More than one hundred years after her death, Elizabeth Cady Stanton still stands—along with her close friend Susan B. Anthony—as the major icon of the struggle for women’s suffrage. In spite of this celebrity, Stanton’s intellectual contributions have been largely overshadowed by the focus on her political activities, and she is yet to be recognized as one of the major thinkers of the nineteenth century.
Here, at long last, is a single volume exploring and presenting Stanton’s thoughtful, original, lifelong inquiries into the nature, origins, range, and solutions of women’s subordination. Elizabeth Cady Stanton, Feminist as Thinker reintroduces, contextualizes, and critiques Stanton’s numerous contributions to modern thought. It juxtaposes a selection of Stanton’s own writings, many of them previously unavailable, with eight original essays by prominent historians and social theorists interrogating Stanton’s views on such pressing social issues as religion, marriage, race, the self and community, and her place among leading nineteenth century feminist thinkers. Taken together, these essays and documents reveal the different facets, enduring insights, and fascinating contradictions of the work of one of the great thinkers of the feminist tradition.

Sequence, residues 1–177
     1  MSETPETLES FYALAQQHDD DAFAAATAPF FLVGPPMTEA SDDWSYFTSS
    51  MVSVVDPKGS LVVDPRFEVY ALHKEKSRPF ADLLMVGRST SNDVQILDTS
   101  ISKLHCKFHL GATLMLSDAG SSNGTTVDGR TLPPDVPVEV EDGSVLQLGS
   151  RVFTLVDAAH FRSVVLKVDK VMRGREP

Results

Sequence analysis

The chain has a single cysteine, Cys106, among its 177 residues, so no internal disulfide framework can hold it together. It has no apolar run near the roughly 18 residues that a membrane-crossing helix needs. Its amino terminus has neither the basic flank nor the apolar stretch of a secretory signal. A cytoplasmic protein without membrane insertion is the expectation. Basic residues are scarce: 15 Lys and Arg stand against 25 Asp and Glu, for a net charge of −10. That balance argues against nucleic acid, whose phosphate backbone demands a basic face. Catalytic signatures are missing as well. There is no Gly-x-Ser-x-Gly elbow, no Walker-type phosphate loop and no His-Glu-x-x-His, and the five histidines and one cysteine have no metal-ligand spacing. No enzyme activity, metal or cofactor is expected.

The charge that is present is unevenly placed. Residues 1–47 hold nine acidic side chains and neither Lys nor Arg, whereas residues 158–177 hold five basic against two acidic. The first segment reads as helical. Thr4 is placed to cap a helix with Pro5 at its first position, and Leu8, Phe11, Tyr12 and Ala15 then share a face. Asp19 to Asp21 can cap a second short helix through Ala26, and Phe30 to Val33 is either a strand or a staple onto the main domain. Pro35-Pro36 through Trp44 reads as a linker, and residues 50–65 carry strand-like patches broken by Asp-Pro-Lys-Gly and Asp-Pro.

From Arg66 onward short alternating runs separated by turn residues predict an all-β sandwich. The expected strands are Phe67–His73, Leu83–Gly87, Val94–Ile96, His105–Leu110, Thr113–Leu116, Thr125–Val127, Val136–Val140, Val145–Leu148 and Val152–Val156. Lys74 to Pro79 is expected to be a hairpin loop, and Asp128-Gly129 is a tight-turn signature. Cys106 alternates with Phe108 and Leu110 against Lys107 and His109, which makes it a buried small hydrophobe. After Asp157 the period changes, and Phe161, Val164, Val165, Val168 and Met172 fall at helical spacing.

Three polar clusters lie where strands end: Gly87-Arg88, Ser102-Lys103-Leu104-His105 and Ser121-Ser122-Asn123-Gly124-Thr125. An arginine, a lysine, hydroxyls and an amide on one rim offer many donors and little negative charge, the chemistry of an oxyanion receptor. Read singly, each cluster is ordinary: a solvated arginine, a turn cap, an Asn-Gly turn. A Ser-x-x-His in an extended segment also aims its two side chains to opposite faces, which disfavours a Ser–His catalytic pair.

Contributors: Barbara Caine, Richard Cándida Smith, Ellen Carol DuBois, Ann D. Gordon, Vivian Gornick, Kathi Kern, Michele Mitchell, and Christine Stansell.
|Publisher:||New York University Press|
|Sold by:||Barnes & Noble|
|File size:||1 MB|
About the Author
Ellen Carol DuBois is Professor of History at the University of California, Los Angeles. She is the author and editor of numerous books, including Woman Suffrage and Women’s Rights (also available from NYU Press) and Harriot Stanton Blatch and the Winning of Woman Suffrage.
Richard Cándida Smith is professor of history at the University of California, Berkeley, where he also serves as director of the Regional Oral History Office. He is the author of Utopia and Dissent: Art, Poetry, and Politics in California and Mallarmé’s Children: Symbolism and the Renewal of Experience.
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